Eiger Dreams: Ventures Among Men and Mountains
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Originally published in 1990 by the American publishers, Lyons and Burford, a collection of writings on mountaineering and the culture of climbing. It includes first-hand accounts of expeditions made by the author, who also wrote INTO THE WILD and INTO THIN AIR.
17,200 feet, intending to recover their cache, hang tough until the weather got better, and then make a dash for the top. But the storm, which grew worse that day, proved to be considerably more severe and of considerably longer duration than the Honeymooners had reckoned. Temperatures at 17,200 feet dropped to minus-fifty, and gale-force winds raked the peak almost without letup for more than a week, driving the wind chill well down into triple digits. Not only was climbing out of the question,
talk to me, share info about routes. But that's all you get. You still aren't invited over for dinner; you'll never be admitted to the inner circle. I'm not sure why; that's just the way it is." Most foreign climbers and skiers-the legions of Basques, Brits, Czechs, Poles, Germans, Swedes, Italians, Spaniards, Argentines, Americans, Koreans, Canadians, Australians, Norwegians, New Zealanders, Indians, and Japanese who flock to Chamonix annually-could care less about gaining entrance to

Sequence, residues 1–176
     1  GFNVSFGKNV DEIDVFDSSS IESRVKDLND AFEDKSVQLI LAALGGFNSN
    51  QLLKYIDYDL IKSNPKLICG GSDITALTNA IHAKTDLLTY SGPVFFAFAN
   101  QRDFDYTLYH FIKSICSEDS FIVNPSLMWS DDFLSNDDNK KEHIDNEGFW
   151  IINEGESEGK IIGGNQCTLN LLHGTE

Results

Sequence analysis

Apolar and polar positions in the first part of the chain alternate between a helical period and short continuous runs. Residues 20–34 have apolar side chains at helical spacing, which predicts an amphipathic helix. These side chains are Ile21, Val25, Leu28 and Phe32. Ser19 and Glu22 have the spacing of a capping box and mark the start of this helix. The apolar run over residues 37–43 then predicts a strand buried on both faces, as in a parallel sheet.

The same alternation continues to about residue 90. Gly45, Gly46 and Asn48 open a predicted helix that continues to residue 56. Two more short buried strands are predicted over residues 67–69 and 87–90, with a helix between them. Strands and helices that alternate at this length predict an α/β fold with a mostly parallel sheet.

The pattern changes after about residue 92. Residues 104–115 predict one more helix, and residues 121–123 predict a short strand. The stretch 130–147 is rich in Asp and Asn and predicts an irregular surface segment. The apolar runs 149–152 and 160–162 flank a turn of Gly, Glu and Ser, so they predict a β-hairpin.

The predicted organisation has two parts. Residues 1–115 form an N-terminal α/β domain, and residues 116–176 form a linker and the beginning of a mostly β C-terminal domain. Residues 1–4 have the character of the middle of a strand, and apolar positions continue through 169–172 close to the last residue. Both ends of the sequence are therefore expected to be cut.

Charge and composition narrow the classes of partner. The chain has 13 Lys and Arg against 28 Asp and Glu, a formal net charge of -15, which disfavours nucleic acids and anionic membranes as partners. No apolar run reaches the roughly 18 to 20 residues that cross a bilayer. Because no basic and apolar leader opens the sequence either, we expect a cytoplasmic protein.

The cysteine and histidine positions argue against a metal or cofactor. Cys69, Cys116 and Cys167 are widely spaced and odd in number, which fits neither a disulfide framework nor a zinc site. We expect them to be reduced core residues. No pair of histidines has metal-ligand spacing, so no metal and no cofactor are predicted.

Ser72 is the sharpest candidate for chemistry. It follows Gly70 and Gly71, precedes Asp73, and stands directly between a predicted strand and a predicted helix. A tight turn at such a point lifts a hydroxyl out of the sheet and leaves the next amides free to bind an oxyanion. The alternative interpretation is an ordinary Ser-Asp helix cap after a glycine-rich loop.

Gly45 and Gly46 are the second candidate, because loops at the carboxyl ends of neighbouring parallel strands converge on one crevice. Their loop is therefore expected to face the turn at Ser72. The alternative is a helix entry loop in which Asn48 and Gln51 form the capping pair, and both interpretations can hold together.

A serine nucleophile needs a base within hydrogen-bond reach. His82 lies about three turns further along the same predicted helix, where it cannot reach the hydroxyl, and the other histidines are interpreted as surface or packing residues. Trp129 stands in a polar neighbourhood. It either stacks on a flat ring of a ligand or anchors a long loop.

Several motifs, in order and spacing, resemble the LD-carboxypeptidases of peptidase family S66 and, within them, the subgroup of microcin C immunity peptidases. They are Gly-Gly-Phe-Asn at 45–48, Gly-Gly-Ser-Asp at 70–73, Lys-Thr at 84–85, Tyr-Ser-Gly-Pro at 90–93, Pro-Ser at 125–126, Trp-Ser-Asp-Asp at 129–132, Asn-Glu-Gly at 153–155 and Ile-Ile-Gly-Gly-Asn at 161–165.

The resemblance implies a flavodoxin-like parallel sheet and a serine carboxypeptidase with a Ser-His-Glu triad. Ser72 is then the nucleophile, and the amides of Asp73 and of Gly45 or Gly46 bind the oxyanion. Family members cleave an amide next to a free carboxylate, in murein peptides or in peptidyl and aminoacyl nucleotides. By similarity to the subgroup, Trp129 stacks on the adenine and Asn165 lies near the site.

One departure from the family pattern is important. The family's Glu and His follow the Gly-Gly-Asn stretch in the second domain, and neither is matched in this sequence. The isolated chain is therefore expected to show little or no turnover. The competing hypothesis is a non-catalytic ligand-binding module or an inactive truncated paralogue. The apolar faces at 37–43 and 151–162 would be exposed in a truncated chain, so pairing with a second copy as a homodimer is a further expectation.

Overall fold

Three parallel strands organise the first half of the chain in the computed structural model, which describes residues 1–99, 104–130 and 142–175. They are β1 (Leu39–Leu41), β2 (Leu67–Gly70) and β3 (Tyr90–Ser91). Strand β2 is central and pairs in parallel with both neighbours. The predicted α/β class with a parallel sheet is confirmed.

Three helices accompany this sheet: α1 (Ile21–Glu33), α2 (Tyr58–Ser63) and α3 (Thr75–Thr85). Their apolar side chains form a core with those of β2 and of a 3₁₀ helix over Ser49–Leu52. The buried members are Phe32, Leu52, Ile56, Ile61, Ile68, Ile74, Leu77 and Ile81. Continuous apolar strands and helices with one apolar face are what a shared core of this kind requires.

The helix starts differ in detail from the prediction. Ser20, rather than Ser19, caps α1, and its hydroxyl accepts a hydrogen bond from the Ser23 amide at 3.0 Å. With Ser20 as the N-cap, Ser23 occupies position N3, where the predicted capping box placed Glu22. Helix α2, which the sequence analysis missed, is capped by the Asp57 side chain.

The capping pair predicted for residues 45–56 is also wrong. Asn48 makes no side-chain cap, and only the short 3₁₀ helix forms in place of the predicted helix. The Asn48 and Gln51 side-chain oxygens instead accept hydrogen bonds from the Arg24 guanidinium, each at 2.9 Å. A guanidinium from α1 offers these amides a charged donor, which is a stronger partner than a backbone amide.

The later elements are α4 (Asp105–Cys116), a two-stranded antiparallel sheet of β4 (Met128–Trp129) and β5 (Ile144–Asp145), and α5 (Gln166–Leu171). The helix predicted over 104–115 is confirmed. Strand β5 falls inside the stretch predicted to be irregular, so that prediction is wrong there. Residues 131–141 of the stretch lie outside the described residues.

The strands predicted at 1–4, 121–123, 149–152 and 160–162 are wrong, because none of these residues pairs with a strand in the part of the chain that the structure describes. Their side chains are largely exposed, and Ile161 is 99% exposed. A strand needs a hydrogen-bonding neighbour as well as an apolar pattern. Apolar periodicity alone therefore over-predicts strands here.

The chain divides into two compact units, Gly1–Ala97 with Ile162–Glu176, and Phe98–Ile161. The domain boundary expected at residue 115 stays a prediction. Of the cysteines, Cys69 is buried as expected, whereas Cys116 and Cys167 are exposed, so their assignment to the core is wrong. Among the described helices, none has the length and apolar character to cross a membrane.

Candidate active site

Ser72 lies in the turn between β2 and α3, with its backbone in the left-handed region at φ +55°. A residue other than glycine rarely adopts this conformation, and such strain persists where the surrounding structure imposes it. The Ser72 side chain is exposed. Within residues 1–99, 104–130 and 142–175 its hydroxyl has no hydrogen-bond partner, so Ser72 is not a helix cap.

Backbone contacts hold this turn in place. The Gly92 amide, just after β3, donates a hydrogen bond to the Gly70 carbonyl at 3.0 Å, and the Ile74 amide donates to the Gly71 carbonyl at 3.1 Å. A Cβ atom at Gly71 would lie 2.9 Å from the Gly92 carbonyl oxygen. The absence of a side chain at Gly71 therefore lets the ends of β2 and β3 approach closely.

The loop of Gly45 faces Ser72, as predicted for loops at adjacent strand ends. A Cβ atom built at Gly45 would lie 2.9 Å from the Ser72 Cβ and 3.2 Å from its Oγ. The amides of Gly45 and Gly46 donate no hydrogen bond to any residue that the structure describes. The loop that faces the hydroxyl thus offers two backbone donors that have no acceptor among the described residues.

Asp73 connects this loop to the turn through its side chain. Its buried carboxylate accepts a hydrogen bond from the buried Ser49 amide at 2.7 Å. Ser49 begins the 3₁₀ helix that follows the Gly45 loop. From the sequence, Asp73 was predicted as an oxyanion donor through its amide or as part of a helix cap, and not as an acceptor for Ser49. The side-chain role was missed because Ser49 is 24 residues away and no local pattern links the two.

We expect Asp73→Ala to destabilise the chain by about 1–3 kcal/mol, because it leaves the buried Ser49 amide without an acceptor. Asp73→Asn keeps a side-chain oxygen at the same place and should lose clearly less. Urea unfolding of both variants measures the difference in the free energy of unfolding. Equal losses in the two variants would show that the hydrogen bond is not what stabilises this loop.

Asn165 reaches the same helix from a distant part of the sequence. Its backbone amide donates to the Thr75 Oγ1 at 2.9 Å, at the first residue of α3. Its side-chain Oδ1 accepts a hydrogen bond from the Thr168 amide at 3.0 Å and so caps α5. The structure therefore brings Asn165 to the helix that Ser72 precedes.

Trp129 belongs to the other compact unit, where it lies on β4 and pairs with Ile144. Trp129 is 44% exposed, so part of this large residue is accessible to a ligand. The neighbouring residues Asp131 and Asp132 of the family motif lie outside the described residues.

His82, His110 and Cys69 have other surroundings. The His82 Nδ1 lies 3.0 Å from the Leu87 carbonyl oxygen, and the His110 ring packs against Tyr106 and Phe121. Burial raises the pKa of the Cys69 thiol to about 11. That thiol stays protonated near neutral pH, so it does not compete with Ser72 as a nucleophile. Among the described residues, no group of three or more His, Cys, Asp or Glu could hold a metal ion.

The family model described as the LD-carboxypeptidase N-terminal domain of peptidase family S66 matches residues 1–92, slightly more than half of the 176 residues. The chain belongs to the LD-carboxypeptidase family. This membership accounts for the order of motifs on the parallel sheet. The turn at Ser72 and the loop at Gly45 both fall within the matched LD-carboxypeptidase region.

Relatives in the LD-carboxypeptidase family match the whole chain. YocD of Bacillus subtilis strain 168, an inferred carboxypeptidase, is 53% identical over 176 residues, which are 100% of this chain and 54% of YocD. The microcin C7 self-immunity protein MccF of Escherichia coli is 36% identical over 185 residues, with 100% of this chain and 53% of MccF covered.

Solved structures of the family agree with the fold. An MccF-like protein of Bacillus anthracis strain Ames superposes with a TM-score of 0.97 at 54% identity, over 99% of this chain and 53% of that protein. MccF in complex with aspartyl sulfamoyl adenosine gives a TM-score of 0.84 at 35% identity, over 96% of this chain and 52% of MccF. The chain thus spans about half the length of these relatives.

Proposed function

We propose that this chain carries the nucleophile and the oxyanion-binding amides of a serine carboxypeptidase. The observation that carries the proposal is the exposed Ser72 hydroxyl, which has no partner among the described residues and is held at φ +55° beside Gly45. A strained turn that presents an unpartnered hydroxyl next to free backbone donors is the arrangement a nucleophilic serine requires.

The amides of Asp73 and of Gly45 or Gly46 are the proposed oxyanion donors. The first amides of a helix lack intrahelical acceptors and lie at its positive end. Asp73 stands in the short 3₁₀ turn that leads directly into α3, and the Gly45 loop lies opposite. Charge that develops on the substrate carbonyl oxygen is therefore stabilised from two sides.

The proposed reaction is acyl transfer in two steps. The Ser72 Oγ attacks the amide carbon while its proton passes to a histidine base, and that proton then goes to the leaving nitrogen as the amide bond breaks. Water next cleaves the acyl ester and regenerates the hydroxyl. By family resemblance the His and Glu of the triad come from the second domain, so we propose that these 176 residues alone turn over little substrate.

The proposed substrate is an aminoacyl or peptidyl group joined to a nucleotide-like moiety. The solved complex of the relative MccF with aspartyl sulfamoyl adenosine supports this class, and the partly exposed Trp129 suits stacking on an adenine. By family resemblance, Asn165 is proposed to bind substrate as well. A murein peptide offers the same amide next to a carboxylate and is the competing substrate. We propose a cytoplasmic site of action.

to the restaurant for a quick croque-monsieur, then board another lift for a ride across the heavily crevassed plain of the Vallee Blanche to the Italian frontier. From there, a short downhill walk takes me to my objective for the day, the north face of a peak called the Tour Ronde. Were this mountain in Alaska, where I have done much of my climbing, I might have spent three or four days laboring beneath an eighty-pound pack to arrive at this point from the Chamonix Valley. Because the peak is in
from a Sherpa friend warning me, `Nima Diki's looking a little big,' I thought, `Oh fuck, what am I going to do?' But when I got over there and saw the little guy, I stopped worrying." It remains to be seen whether the arrival of the child, named Dawa, will finally bring Alan's protracted adolescence to a closeas he prepares to enter his fifth decade-and actually usher him into the world of adult responsibility. He has, however, been overheard mulling over such adult-sounding dilemmas as whether
unofficial title as the world's greatest high-altitude alpinist. When he arrived at the base of K2, Kukuczka was nipping at Messner's heels in the race to climb all fourteen 8,000-meter peaks; he had already bagged ten of them, an accomplishment that was especially impressive considering the expense of mounting Himalayan expeditions and the pathetic rate of exchange for Polish zlotys. To fund their expeditions, Kukuczka and his Polish comrades had been routinely forced to smuggle vodka, rugs,